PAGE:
With smartphones and other mobile devices gaining such widespread popularity, it was only a matter of time before digital communications came to emergency services.
The Federal Communication Commission (FCC) announced on Thursday that AT&T (NYSE:T), Verizon (NYSE:VZ), Sprint (NYSE:S) and Deutsche Telekom‘s (PINK:DTEGY) T-Mobile are fast-tracking the implementation of a system that will allow people to send text messages to local 911 operators. The new service will begin appearing next year and is expect to achieve nationwide coverage by 2014, CNET noted.
AT&T and Verizon have already launched regional testing of text-to-911 systems.
Plans to include text messaging in 911 services date back to 2010. The effort to add text messaging capabilities to emergency response services is called “Next Generation 9-1-1.”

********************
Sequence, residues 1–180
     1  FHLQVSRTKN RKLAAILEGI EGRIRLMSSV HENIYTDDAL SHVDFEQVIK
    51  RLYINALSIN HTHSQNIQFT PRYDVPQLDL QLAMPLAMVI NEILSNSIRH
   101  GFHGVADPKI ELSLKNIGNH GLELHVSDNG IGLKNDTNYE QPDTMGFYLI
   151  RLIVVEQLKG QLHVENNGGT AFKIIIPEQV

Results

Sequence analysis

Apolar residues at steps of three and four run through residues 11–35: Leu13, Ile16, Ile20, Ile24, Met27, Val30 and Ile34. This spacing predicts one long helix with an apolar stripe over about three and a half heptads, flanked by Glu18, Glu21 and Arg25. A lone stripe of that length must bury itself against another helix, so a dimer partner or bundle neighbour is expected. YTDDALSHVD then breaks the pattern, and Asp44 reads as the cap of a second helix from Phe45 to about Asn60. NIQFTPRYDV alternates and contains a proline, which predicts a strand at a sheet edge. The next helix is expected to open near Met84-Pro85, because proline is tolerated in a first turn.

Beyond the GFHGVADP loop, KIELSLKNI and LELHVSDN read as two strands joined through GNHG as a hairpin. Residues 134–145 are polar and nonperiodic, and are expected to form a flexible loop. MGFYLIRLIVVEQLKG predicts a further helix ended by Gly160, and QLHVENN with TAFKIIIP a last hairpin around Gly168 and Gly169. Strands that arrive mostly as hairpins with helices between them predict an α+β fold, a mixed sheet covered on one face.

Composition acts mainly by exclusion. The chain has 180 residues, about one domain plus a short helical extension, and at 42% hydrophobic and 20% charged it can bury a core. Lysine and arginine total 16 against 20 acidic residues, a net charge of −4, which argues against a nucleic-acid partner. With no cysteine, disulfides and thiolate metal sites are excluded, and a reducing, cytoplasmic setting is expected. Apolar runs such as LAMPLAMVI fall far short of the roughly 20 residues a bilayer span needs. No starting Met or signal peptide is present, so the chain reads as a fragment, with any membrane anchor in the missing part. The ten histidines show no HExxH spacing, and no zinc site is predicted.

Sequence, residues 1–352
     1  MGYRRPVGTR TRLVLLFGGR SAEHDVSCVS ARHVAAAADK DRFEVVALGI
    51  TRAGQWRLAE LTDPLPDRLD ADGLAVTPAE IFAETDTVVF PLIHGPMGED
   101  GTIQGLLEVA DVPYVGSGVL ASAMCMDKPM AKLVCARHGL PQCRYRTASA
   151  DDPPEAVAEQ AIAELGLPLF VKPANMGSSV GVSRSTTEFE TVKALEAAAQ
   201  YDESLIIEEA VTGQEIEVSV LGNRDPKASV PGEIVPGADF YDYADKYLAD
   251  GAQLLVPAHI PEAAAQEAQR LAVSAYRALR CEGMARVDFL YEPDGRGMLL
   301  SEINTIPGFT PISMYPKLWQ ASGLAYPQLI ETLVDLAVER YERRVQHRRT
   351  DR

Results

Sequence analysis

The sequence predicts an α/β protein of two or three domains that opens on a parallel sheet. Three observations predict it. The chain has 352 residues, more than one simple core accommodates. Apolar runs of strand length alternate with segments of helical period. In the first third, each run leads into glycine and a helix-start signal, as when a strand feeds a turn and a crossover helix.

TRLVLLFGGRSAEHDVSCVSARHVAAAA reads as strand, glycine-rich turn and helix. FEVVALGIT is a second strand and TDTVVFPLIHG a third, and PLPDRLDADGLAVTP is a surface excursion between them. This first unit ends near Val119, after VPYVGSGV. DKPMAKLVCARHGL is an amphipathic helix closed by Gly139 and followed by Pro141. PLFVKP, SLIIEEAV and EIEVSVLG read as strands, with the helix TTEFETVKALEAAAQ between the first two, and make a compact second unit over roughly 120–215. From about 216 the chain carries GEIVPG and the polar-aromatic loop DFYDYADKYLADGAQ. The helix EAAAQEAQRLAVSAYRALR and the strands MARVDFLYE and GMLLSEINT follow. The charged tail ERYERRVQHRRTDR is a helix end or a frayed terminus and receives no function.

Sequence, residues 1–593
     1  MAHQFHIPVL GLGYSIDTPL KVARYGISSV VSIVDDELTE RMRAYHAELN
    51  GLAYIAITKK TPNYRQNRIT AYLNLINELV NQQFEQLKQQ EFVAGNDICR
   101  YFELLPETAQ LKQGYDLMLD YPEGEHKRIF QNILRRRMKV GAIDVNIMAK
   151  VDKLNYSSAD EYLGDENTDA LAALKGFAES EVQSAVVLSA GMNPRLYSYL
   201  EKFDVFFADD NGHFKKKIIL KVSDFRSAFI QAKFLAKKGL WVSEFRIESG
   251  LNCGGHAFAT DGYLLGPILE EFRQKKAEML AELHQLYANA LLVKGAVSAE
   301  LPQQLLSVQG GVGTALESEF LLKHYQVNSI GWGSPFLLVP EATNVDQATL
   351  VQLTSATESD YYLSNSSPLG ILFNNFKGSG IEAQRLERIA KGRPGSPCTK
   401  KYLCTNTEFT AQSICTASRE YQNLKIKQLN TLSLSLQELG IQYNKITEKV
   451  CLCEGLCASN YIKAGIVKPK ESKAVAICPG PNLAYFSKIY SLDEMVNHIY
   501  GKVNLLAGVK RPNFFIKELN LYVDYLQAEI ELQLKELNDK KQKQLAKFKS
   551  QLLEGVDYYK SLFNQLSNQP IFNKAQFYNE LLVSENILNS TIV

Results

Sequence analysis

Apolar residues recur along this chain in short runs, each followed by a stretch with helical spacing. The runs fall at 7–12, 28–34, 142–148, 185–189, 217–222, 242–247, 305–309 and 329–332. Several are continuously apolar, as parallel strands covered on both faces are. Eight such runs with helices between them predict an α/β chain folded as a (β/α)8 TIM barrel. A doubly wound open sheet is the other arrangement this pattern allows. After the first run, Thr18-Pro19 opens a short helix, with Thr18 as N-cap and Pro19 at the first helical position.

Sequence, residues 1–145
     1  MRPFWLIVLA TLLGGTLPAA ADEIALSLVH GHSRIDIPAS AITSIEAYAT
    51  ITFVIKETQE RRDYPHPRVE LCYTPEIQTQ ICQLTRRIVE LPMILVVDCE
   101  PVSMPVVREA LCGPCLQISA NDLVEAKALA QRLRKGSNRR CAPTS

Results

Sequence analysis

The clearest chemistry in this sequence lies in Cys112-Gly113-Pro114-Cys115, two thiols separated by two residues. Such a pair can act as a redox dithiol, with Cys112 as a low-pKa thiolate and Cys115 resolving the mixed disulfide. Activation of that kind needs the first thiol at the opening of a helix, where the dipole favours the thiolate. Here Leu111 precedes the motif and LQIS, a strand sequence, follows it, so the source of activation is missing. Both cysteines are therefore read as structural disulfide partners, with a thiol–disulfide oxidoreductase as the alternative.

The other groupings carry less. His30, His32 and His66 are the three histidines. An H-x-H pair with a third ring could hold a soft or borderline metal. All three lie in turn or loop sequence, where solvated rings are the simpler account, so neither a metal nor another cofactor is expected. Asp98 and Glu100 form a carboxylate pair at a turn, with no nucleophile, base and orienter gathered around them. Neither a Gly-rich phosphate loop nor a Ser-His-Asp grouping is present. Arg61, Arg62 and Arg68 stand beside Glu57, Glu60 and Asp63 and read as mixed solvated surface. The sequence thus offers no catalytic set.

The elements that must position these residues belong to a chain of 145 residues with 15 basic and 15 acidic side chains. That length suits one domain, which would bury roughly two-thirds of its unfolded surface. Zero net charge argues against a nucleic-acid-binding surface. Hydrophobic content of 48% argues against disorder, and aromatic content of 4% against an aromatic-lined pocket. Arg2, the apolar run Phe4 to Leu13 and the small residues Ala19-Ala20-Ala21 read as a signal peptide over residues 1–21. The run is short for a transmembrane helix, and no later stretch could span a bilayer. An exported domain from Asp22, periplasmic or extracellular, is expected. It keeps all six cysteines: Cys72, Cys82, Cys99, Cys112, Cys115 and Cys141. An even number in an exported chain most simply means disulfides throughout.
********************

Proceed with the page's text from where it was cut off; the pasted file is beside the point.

During the 2007 shooting massacre at Virginia Tech, two students tried but failed to alert police with text messages. The incident highlighted the need for the 911 system to keep up with changing technology.
Text messaging capabilities for 911 services could also assist hearing or speech impaired people, who cannot use voice services to alert authorities of emergencies or request assistance.